Two US senators plan to introduce legislation as early as this week that would give merchants the ability to route Visa Inc. and Mastercard Inc. credit-card transactions over alternative networks.
The legislation — set to be introduced by Democratic Richard Durbin of Illinois and Republican Roger Marshall of Kansas — would direct the Federal Reserve to make sure that banks with more than $100 billion in assets ensure that their credit cards provide a choice of at least two networks that can be used to process electronic credit-card transactions, according to a handout provided by Durbin’s office.
“This would inject real competition into the credit-card market — opening the door for new market entrants such as current debit-only networks, encouraging innovation and enhanced security, creating backup options if a network crashes, and exerting competitive constraints on Visa and Mastercard’s fee rates,” according to the handout.
A spokesman for Purchase, New York-based Mastercard had no immediate comment, while a representative for San Francisco-based Visa didn’t respond to requests for comment.
With the bill, Durbin and Marshall are taking aim at a key source of revenue for the two companies, which set the fees merchants are charged each time a consumer swipes one of their cards at checkout. Banks collect the bulk of these so-called swipe fees before handing over a slice to the two payments giants.
Visa shares dropped as much as 5.3% Wednesday afternoon, and were down 0.6% at 3:14 p.m. in New York, while Mastercard slipped as much as 2.9% before recovering to rise 0.9%
The move by Durbin and Marshall comes after the two firms introduced a series of changes to swipe fees earlier this year, sparking outcry among retailers who say they’re already dealing with the effects of inflation at a 40-year high.
Visa, for its part, cut the fees it charges firms with less than $250,000 in Visa consumer credit-card volume by 10% — a move that it says applies to the vast majority of U.S. businesses. At the same time, though, the payments company increased the fees it charges for most online spending.
Mastercard, on the other hand, lowered the fees it charges for any transaction under $5 by about 300 basis points while decreasing the rates it charges hotels, rental-car companies, daycare facilities and casual-dining restaurants. The company also increased its so-called digital-enablement fee, which it charges on all online transactions.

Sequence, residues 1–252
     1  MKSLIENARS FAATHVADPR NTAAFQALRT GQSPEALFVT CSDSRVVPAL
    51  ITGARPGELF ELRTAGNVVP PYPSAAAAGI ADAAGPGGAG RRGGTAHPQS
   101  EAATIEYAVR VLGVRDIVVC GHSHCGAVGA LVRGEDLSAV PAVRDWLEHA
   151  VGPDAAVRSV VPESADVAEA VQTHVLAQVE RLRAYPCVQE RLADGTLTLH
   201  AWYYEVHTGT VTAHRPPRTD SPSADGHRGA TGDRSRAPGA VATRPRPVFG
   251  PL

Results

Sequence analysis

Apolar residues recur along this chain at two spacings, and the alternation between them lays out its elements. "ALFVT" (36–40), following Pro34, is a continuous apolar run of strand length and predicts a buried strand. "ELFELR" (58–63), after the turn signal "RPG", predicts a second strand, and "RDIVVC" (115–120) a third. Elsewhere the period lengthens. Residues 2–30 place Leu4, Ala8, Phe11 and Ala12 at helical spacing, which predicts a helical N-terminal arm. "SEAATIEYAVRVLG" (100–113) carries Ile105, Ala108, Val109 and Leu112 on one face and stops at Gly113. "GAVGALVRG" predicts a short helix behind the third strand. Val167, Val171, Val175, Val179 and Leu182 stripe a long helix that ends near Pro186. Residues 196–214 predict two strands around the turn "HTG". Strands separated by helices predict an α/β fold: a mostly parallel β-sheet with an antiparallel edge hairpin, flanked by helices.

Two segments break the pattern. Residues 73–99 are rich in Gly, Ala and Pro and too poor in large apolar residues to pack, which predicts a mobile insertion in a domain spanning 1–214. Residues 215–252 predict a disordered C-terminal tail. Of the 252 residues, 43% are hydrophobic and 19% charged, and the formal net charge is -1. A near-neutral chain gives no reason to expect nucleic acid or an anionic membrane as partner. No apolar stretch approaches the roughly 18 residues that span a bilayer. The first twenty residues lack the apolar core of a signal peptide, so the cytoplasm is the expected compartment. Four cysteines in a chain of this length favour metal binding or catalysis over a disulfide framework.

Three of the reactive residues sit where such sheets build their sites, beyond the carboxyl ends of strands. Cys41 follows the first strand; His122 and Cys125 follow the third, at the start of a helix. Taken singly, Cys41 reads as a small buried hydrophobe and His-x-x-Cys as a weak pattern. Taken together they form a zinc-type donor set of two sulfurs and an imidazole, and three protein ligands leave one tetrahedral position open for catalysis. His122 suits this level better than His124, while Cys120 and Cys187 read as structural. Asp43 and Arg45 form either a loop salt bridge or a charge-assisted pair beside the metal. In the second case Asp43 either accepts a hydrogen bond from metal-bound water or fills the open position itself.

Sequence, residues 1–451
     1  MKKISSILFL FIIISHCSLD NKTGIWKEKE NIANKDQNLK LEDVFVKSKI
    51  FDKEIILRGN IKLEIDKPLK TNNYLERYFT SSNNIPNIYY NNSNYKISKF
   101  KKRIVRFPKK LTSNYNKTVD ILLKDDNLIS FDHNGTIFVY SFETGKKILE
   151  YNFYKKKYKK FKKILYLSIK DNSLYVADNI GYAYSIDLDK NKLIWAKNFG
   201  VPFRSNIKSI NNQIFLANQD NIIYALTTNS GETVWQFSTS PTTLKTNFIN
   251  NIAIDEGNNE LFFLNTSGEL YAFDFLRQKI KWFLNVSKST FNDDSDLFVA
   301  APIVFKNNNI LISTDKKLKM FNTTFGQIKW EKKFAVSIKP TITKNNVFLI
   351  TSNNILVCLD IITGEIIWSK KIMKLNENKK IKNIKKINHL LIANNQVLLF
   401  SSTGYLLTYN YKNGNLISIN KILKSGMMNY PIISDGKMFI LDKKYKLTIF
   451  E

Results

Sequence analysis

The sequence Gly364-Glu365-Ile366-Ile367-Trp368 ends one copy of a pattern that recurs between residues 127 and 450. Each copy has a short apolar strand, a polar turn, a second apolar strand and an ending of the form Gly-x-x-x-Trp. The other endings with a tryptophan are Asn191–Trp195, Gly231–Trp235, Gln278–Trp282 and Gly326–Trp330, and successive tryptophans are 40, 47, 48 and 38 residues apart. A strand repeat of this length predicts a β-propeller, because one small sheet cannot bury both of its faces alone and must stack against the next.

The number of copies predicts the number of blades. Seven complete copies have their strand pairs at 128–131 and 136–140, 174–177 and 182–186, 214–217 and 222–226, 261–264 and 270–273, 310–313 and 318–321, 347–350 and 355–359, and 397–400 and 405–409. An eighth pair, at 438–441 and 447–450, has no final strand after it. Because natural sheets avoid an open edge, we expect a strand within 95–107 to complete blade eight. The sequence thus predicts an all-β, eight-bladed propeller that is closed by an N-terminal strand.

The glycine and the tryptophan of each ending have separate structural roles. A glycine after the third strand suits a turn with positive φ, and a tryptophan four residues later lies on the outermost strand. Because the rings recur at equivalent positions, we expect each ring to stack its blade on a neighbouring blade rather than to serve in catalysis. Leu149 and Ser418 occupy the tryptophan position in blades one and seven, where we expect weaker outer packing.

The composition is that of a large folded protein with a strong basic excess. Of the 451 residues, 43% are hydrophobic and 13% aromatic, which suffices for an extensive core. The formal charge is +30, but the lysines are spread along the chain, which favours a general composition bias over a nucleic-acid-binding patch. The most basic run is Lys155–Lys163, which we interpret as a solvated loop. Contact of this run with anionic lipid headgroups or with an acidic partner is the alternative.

These fees often amount to just pennies per transaction. But, last year alone, merchants paid $137.8 billion in processing fees, up 24% from 2020, according to the industry publication The Nilson Report.
This isn’t the first time Durbin has taken aim at swipe fees. In 2010, Congress passed the so-called Durbin Amendment, which required banks to put two unaffiliated networks on every debit card they issue. Merchants, then, are supposed to have the ability to choose which network handles transactions.
Banks typically issue debit cards with either Visa or rival Mastercard, but there are also smaller, lesser-known networks with names like Pulse, Shazam and Star. These networks often charge a lower fee, averaging just 25 cents per transaction in 2020, compared with 35 cents for debit spending routed over Visa’s debit networks, according to data compiled by the Federal Reserve.
Lenders rely on swipe fees to offer rewards for credit card users, so banks may have to introduce new annual fees to preserve those perks for customers, said Dan Perlin, an analyst at RBC Capital Markets. And while banks and merchants have long since adjusted their debit systems to comply with the Durbin Amendment, other analysts were quick to note that the same functionality doesn’t currently exist in the world of credit cards.
“Enabling dual network capabilities for credit cards would require a complete overhaul of the existing technology for credit card transaction processing including making networks interoperable, enabling issuer processors to handle alternative network messages, and a complete re-issuance of all credit cards for banks with more than $100 billion in assets, among other technological and functional challenges,” analysts at Credit Suisse Group AG said in a note to clients.
Trade groups representing banks and payment companies immediately cried foul on Wednesday, arguing the bill could create security concerns in the payments industry and may lead to more foreign payment networks — including China’s UnionPay — handling US credit card transactions.
“It’s highly conceivable and highly likely that a lot of these transactions might end up running over a foreign network,” said Jeff Tassey, chairman of the Electronic Payments Coalition.
Merchants, though, have been adamant that a bill like the one Durbin and Marshall are proposing would allow them to ultimately lower prices for consumers. That would come as US inflation accelerated to a 40-year high in June, a sign that price pressures are becoming entrenched in the economy.
“For the retailers, it means everything,” said Leon Buck, vice president for government relations for banking and financial services at the National Retail Federation. “It would allow us to negotiate a fairer, lesser, more equitable price.”
Take convenience stores, which are known for razor-thin margins. NACS — a trade group representing the industry — said swipe fees climbed 26% for the industry in 2021 compared to the year earlier and another 33% in the first quarter alone.
“Our estimate is that having basic competition ought to be about $11 billion in savings overall,” said Doug Kantor, general counsel for NACS and an executive committee member for the Merchants Payments Coalition trade group. “You ought to see a vast majority of that going to consumers.”
(Updates with additional information and analyst commentary in 13th paragraph)
–By Jenny Surane and Laura Litvan (Bloomberg)